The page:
Seven candidates. Three seats. The campaign is on! This year, your CDFI’s vote for the OFN Board is more important than ever. Get to know the candidates through candid interviews with CDFI Connect.

Next up in our series of Board interviews is Mark Medema, Director, Building Hope. After you read the interview, learn more about Mark and the other candidates here.

Tell us a little about yourself and what motivates you to keep pushing for the industry:

I started working in community development by working for a service provider, the KIPP Foundation, which is a national network of charter schools serving low-income children. After moving to Washington DC, I joined Building Hope which I had worked with while at KIPP.

Building Hope is a single asset class CDFI, exclusively focused on charter schools. Because of their unique capital structure, they have very flexible terms and are willing to tailor their products and take on significantly more risk. What attracted me to working with them is their persistence—you have a hard problem, they figure out a solution for it.

My work in this industry, beginning when I was working on the charter school side, is driven by the end results. I’ve met too many mothers burdened with the knowledge that their babies are stuck in failing schools, limiting their opportunities. When I see that mother witness her child walk across the stage at graduation, and see the tears in her eyes as she realizes her child now has more opportunities—that drives me in my work every day.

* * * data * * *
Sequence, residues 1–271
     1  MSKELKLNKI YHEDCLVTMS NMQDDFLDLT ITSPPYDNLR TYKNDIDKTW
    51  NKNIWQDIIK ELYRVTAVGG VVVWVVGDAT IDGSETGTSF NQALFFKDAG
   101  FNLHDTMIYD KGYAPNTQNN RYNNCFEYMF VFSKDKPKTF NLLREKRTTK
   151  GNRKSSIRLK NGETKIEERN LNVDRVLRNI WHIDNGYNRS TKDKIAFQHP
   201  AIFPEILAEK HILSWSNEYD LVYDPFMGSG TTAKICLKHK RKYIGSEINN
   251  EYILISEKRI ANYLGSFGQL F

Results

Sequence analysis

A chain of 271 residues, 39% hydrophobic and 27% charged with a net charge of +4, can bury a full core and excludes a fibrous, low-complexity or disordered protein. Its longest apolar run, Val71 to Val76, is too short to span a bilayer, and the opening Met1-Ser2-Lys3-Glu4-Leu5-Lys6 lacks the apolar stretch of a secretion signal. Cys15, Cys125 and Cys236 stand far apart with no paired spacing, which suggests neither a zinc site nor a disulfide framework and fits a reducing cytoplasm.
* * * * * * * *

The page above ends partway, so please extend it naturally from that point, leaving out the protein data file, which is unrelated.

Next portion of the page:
What is the most important role for OFN in the CDFI industry right now?

I think all industries need central coordination and collaboration, and for the CDFI world, OFN has that role. They have a great relationship with not just Members, but with the government. Going forward in the long term the CDFI industry has to figure out how to rely more on other sources of capital besides the government. We all need to find ways to diversify funding.

I would like to be a part of the OFN Board at this moment and time because I think can help the industry think about how to move more towards a diverse source of capital, including impact investing. Building Hope started with capital from a corporation. We’ve had tremendous benefits and can showcase how investors can have an impact. I think there is more that OFN can do to move us in this direction. The impact investing sector is growing and is looking for established players like CDFIs, not just startups. This year Building Hope is offering an investment note targeted toward high net worth impact investors and we would like to make sure to share our success and lessons learned with other small CDFIs.

Where do you want to see us go during your tenure?

First, as mentioned earlier, I would like to see OFN begin to position itself more prominently in the impact investing world.

Second, we are a fairly small CDFI with less than $75MM in assets. There are so many other small CDFIs that are grappling with the issue of whether our small size is the right size. We have spent a lot of time thinking about growth and the right way to grow. I'd like to be sure that OFN is providing resources to smaller CDFIs that may choose to grow and want to know the best way, and at the same time support those who want to remain small and effective.